Home Politics DPP LOCAL GOVERNMENT DECENTRALIZATION IN MALAWI, KEY TO RURAL DEVELOPMENT

LOCAL GOVERNMENT DECENTRALIZATION IN MALAWI, KEY TO RURAL DEVELOPMENT

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By Correspondent
Instead of questioning the rationale behind postponement of the long awaited local government elections, there is need to examine the issue of local governments from two perspectives. First, there is need for the accountability of local government organizations. Second, there is need to reform existing institutional administrative framework in all district assemblies and the establishment of a central local government office in Lilongwe.
The postponement of local elections is not about saving money as claimed by Minister for Local Government Anna Kachikho in May this year. Funds for the election were actually going to be available. Germany, through its Ambassador R. Muller, pledged total support towards the election of accountable and functional local governments.
The issue is about the accountability of local government organizations and councilors as individuals. The question of accountability arises from the fact that citizens in every locality have a stake in the affairs of local governments because they pay taxes to receive public service delivery. This is because citizens expect improved service delivery from their local hospitals, postal offices, and police, as well as education, transport and agriculture extension services.
There is need for formal structures and decision making processes for the operation of an effective local government administration. During Tony Blair’s time in England, there were consultations to elect executive mayors and appointment of “district cabinets” of eight people for the main functions such as trade, agriculture, security, education, health and tourism. In Japan, every district, known as Prefecture, elects an executive governor and a district cabinet system.
It is wrong to believe that an effective and functional local government begins with the election of councilors. If anything that should be the end point. It seeks active participation in decision-making and taking of responsibilities within the government of the community. The argument is, therefore, that unless citizens are actively involved in decision-making and the elected representatives become accountable to their actions, there is no need to have local governments.
It is a fallacy to expect effective and functional local governments after the election of councilors. There is need to reform existing institutional administrative framework in all district assemblies and the establishment of a central local government office in Lilongwe. Implementing an effective local government institution is serious business and Malawi needs to learn from countries in East Asia and other successful regions. This is because democracy and decentralization are mutually exclusive.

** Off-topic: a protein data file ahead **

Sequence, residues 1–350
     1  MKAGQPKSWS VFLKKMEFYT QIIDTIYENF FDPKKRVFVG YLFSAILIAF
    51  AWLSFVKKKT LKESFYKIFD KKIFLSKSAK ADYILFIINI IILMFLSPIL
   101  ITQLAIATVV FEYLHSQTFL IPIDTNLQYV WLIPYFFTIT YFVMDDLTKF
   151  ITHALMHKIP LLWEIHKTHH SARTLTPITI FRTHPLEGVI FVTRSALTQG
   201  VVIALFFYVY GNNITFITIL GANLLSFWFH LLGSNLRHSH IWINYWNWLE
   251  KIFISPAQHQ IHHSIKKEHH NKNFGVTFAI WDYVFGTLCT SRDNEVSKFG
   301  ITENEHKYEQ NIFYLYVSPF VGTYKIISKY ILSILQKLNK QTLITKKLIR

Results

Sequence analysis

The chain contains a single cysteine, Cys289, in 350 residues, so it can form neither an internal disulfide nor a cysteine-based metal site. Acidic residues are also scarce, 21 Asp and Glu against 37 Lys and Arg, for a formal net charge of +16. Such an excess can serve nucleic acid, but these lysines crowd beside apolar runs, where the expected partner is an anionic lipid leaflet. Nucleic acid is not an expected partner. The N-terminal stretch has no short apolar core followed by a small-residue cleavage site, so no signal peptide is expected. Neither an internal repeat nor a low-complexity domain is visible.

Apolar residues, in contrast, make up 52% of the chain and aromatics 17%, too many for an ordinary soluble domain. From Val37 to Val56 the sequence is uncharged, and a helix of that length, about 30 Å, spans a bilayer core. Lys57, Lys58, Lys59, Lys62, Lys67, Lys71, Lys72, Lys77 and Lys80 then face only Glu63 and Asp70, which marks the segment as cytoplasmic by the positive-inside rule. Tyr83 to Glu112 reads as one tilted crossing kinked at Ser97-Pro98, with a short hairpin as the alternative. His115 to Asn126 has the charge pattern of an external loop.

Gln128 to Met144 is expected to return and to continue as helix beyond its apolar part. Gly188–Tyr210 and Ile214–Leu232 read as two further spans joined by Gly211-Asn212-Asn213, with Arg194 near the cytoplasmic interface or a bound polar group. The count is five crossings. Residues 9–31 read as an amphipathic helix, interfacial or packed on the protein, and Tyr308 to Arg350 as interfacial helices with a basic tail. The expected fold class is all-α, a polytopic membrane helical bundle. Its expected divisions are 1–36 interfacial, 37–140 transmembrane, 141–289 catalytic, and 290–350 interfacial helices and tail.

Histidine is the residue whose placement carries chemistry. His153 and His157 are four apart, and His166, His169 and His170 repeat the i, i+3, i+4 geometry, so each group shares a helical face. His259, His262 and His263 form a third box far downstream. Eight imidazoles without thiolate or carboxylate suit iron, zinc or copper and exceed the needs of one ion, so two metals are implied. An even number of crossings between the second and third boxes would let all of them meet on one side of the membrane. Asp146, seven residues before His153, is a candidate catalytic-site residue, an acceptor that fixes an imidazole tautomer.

Effective decentralization entails devolution of power from the centre. Local governments cannot function effectively with District Commissioners still in place. The position of district commissioner is a colonial legacy and must be phased out. The power of the president to direct development will automatically be transferred to the local governments. This is why the Constitution states that development is a right to citizens not something to be given or withheld by an individual citizen.
Malawi’s founding President Dr Kamuzu Banda, in spite of his weaknesses, understood the importance of local government for rural development. He appointed mayors in cities and chairpersons in town and district assemblies. This is where many people get mixed up and start thinking President Bingu wa Mutharika was wrong when he postponed the local government elections to 2014. Some citizens in the North are calling for a federated system of government. Some cynical citizens think it is a total waste of public resources to have local government councilors.
The postponement of the local government elections should provide the opportunity to citizens to demand for the introduction of radical amendments to both the electoral law and the Local Government Act. Malawi needs elected governors to manage the affairs in districts and a reduction in the number of parliamentarians. Instead, there is need to establish semi-autonomous administrative centers in every district. Rural development should become the responsibility of elected governors in every district. These are the people who live and know development needs in their respect district not some individual in the capital.
Many people think change cannot be economically feasible. This is because they are thinking from the present context. They are not thinking “outside the box”. Truthfully, what is the role of current members of parliaments? To debate bills in parliament and get them made into law. They cannot influence development because the budgets are made by the Minister of Finance without their input.
Famous Beatles musician John Lennon sang; “Life is what happens to you while you are busy making other plans.” Immediately the members of parliament get into parliament they become motivated by the alleviation of personal poverty. Simply put, it is local governments that can develop the rural areas not the President. “Power to the people” means transfer of responsibilities and accountability to citizens not just voting in an election.
A motor cycle with one piston cannot run faster than a car. The same is true with a country.